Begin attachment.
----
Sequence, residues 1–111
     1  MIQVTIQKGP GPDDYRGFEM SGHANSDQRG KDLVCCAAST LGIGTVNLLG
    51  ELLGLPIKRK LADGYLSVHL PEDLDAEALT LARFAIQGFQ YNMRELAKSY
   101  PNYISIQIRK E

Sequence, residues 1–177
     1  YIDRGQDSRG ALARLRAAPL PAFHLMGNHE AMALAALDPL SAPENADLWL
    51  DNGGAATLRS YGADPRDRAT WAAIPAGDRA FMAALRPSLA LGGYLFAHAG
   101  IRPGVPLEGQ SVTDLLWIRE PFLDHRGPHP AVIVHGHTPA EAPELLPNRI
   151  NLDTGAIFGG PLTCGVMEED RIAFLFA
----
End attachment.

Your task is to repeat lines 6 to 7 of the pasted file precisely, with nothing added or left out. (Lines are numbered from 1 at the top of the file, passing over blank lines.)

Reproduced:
     1  YIDRGQDSRG ALARLRAAPL PAFHLMGNHE AMALAALDPL SAPENADLWL
    51  DNGGAATLRS YGADPRDRAT WAAIPAGDRA FMAALRPSLA LGGYLFAHAG